Not So Fyre: Netflix vs. Hulu

Both Netflix and Hulu came out with documentaries over the Fyre Festival catastrophe. Want to know what all the tea is about and only have time to watch one? Don’t worry, I’ve got you covered.

By Lauren Castro


With Netflix coming out with “FYRE: The Greatest Party That Never Happened”, on January 18, 2019 just days after Hulu released Fyre Fraud on the 14th, there was a lot to be compared. Before we get into the details, here’s some quick facts on what the festival even was:

  1. Fyre Festival was promoted to be a huge LUXURY festival (emphasis on luxury). Ticket prices ranged from $450 to $250,000...none of the tickets sold were refunded.

  2. Location: first the festival was supposed to take place on an island that was previously owned by Pablo Escobar, then the Fyre team got kicked off and took a parking lot construction zone somewhere in the Bahamas.

  3. Billy McFarland was the main scammer/boss/creator guy, but the face of the festival somehow landed on Ja Rule, a rapper who is sort of irrelevant now.

  4. Models like Kendall Jenner, Bella Hadid, Hailey Baldwin, Emily Ratajkowski, Alessandra Ambrosio, and Chanel Iman promoted the event.

  5. Acts like Major Lazer, Diplo, Migos, Lil Yachty, The G.O.O.D Music, Blink-182, and a few others were supposed to attend and perform. No one ever showed up.

  6. FuckJerry, a huge meme account originating on Instagram, was the head of social media for Fyre Festival.

  7. Overall, if I had to use one word to describe the event (and I’m sure most of the Fyre Festival team can agree), Shitshow.

Photo from Vanity Fair

Photo from Vanity Fair

Now that you know the facts, I’m going to dive in on who did a better job executing the documentary with the least amount of spoilers possible. 3 MAJOR things I noticed that helped me in picking a Fyre Festival documentary winner were who they interviewed, where I learned the most information without getting too bored, and could I follow it easily.

Interviews. A very important avenue that allows the documentary to take human form. Netflix perfectly utilized the human aspect of the problem. Interviews with locals and major players in the Bahamas definitely allowed the audience to see not only how it affected people who were going to attend the festival, but those who worked over 19-hour days to make the festival a reality in order to pay their bills. They included employees of Fyre as well as really close friends of Billy to help us understand how big of a shock this event was for not just all of America, but to Billy’s admirers. On the other hand, Hulu provided an interview with Billy’s girlfriend as well as Billy himself. This gave insight on what Billy was actually feeling, but overall, he didn’t reveal any information that only he could provide. Seeing his facial expressions as he replied helped a bit but wasn’t a necessity.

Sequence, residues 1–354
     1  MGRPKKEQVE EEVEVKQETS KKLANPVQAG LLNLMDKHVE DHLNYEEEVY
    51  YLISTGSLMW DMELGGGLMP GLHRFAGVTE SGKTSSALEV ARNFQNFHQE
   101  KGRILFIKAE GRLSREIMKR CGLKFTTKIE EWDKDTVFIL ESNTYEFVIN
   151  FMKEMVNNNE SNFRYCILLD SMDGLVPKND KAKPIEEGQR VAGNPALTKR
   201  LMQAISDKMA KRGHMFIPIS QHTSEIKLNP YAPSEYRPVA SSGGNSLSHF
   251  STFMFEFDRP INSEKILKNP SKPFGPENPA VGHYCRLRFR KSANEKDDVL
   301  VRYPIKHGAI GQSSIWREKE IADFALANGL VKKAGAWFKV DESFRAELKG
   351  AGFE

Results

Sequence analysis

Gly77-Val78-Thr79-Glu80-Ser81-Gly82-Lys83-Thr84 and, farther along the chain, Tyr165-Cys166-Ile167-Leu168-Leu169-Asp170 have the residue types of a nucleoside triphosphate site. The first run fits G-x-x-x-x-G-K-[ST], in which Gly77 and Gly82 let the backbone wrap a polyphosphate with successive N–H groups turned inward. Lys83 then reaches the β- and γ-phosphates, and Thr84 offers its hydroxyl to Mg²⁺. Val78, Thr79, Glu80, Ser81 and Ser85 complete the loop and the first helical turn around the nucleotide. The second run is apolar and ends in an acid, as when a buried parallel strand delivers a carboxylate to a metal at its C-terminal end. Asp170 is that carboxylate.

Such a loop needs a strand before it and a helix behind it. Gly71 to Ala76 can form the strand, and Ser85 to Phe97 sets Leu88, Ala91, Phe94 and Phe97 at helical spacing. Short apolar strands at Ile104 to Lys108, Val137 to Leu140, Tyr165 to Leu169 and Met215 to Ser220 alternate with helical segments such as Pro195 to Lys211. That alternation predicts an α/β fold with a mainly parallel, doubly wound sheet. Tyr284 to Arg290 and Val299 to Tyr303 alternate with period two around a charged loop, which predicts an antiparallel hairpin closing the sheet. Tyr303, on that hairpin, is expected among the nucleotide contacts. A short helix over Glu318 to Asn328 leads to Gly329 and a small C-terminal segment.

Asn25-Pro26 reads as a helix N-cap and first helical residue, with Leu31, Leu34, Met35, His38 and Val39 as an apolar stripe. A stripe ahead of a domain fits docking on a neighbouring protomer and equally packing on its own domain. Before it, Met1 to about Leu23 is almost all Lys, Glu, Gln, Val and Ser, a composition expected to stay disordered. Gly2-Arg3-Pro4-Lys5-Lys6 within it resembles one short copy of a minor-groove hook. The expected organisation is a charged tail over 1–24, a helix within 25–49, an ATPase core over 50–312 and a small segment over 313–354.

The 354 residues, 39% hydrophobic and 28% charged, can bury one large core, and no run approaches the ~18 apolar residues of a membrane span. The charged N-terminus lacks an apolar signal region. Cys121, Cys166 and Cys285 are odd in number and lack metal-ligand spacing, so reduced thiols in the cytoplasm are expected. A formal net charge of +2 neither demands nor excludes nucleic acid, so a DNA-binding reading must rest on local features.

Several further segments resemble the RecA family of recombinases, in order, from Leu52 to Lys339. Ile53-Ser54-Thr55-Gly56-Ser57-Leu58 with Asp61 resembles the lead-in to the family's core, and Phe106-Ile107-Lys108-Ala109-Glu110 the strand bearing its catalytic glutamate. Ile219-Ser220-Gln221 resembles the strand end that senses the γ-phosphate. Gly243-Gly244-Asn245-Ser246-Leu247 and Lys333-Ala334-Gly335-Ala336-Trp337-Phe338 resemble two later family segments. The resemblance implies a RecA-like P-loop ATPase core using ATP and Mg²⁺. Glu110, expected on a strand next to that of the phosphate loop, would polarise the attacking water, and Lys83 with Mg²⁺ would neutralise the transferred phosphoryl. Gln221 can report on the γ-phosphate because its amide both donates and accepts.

Photo from Medium.com

Photo from Medium.com

The vibe of each doc was definitely different and was a defining factor in comparing the two. Netflix was more focused on the making and the fall of the festival, whereas Hulu dug into Billy and the aspects of his life that led up to this moment. Each approach is a different story altogether, but conveyed the same message.

Through Hulu’s version, I almost kinda felt bad for Billy. I was surprised at how much time was spent on Billy’s life before Fyre, looking into how he became a scammer rather than focusing more on the aspect of what went wrong with the festival. I liked how Netflix kept the doc in chronological order, giving clear images of how everything went down. This allowed the viewer to feel the impending failure as it was coming which was interesting. Execution is everything and I feel as though Hulu could’ve done better and used their exclusive interviews to their advantage.

In my opinion, Netflix did it better. In saying that, both Netflix and Hulu created a narrative that was both informational and compelling to watch. There may have been different approaches and styles but in the end, Fyre Festival still flopped.